After the Superfly, Kathryn and I took a day to pack up the rest of our gear and headed out of town. Our destination was Belize, which has become an annual thing at this point, and our plan was to fish with our good friend Eworth Garbutt. This year, since we brought Michael Hetzel along as our guest, we also booked Scully, Eworth’s brother. Our plan was to split up the fishing so that everyone had a chance to fish together and also spend a couple days on the water alone.
We arrived on the 13th, and readied ourselves for the onslaught of fishing that was headed our way. In years past we’ve started in Placencia and fished down the coast, ending up in Punta Gorda. Since I didn’t want to deal with the ongoing cruise ship dredging in Placencia (for my thoughts on why, exactly, cruise ships are the worst thing to ever happen to the world you’ll have to call me, though be prepared for a few hours of listening if you do), we elected to spend the full six days of our trip in Punta Gorda at the Garbutt’s lodge. Dennis Garbutt snapped this picture of us all before the fishing started:
Since we had two guides for three anglers, we scheduled the fishing so that we would all rotate through a day with each other and a day alone, twice round. Given that it has been a minute since Michael and I had seen one another, let alone fish together, the first day we decided that the boys would fish with Scully and Kat would fish with Eworth.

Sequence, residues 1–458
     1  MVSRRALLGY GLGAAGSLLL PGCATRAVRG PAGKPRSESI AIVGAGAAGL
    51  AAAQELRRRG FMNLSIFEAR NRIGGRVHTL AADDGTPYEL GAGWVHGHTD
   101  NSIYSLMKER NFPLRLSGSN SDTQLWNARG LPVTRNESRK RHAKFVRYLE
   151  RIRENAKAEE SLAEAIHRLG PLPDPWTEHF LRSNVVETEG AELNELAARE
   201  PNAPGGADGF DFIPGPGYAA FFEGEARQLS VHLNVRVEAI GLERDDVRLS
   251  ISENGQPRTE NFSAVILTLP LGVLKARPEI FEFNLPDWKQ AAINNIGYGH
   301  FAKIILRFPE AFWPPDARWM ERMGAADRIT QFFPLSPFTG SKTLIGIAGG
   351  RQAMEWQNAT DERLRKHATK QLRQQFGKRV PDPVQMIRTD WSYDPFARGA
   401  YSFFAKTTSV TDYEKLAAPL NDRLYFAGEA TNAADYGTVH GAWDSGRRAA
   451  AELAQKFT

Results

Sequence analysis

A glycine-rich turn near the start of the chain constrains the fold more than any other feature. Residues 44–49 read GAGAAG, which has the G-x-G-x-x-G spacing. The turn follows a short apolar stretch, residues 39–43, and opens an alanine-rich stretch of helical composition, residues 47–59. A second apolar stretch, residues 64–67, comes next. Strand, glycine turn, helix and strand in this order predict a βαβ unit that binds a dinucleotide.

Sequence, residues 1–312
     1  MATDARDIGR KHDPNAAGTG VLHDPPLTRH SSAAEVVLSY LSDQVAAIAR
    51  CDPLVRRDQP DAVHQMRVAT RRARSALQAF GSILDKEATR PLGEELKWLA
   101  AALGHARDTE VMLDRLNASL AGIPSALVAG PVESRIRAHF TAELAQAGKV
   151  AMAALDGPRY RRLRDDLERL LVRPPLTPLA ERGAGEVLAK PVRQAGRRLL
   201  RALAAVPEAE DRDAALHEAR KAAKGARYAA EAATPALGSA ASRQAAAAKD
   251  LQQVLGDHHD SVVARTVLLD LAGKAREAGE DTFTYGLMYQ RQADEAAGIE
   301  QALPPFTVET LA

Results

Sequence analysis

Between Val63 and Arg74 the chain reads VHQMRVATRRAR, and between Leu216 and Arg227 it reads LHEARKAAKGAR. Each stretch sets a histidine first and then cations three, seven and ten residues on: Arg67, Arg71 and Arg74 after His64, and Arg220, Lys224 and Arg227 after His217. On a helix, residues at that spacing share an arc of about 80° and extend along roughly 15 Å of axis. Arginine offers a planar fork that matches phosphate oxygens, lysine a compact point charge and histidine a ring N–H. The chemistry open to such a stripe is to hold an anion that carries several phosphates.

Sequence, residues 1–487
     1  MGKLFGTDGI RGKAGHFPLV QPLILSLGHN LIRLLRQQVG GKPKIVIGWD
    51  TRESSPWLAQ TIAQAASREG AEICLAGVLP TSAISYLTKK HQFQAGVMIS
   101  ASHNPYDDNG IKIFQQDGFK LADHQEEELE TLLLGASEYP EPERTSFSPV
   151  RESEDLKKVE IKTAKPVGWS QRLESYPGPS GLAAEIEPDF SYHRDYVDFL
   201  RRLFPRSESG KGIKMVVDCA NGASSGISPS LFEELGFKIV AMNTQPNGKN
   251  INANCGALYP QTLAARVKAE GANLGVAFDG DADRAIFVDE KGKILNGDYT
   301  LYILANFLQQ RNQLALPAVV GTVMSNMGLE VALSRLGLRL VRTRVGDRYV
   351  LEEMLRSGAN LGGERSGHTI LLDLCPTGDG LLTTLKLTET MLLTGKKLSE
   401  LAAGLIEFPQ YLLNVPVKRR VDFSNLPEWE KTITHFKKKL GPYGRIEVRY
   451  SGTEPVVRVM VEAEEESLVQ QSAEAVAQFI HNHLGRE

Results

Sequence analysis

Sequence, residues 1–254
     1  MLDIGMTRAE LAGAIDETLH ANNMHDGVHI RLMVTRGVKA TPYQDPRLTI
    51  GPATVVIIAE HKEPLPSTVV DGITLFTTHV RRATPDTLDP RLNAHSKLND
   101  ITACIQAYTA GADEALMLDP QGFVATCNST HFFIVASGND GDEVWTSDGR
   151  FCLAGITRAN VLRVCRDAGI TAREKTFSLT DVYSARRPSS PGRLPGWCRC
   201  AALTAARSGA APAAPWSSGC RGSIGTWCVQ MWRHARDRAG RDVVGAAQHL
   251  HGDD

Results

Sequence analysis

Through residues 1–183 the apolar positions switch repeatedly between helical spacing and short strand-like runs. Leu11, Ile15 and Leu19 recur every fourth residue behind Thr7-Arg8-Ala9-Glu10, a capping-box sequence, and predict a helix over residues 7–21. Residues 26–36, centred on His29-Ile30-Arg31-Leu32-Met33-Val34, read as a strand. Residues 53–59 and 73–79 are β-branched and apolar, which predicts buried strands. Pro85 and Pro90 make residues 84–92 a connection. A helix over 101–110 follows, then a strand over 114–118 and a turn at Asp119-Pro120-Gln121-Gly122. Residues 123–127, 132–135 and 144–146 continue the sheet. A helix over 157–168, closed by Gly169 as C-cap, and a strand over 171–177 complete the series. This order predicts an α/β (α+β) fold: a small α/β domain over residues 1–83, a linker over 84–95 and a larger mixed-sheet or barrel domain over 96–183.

For Michael and me, the day started off with a bang. We ran into some calm back water, and immediately saw some fish waking around the flat. I was up first, and after a few casts at the school that could have been better was able to get the fly out in front of the tail-tipping pod of fish and come tight on the strip. I fought small permit for a few minutes before Scully netted our first fish of the trip:
With the first fish in the boat in the first hour of fishing on the first day, we all thought amazing things were in store. I sat down and watched Michael go to work. There were fish in enough places that we could see the next group as we were casting at the one in front of us, and Michael was getting the fly easily to where it needed to be despite more than a year off from fly fishing. In twenty minutes, after three shots, Michael had a pair of fish in front of him and put a cast perfectly out in front of the fish. One rushed forward and made a mistake, which Michael promptly met with one of his own. The rod tip came up on the bite, and the line went slack from a missed hook set.
Michael stayed on the bow, and soon another opportunity presented itself. The fish was pushing a wake as it passed by the boat, and Michael made another perfect cast out in front of the wave. The fish sped up and stopped at the fly, and this time three was no mistake: Michael strip-struck the fish perfectly and cleared the line as the fish ran. In a few minutes we realized that this was not a permit, but a fine bonefish instead. Michael released the fish, and soon had another. Today, and at times in the upcoming week of fishing, we were often surrounded by bonefish. Two caught bonefish and a missed bite from a permit is cause for a rotation, and I got up on the bow for another crack at the tails. I had a few shots and hooked a bonefish that we again thought was a permit, and after another missed hook set on a permit (we thought) I stepped down and gave the bow back to Michael.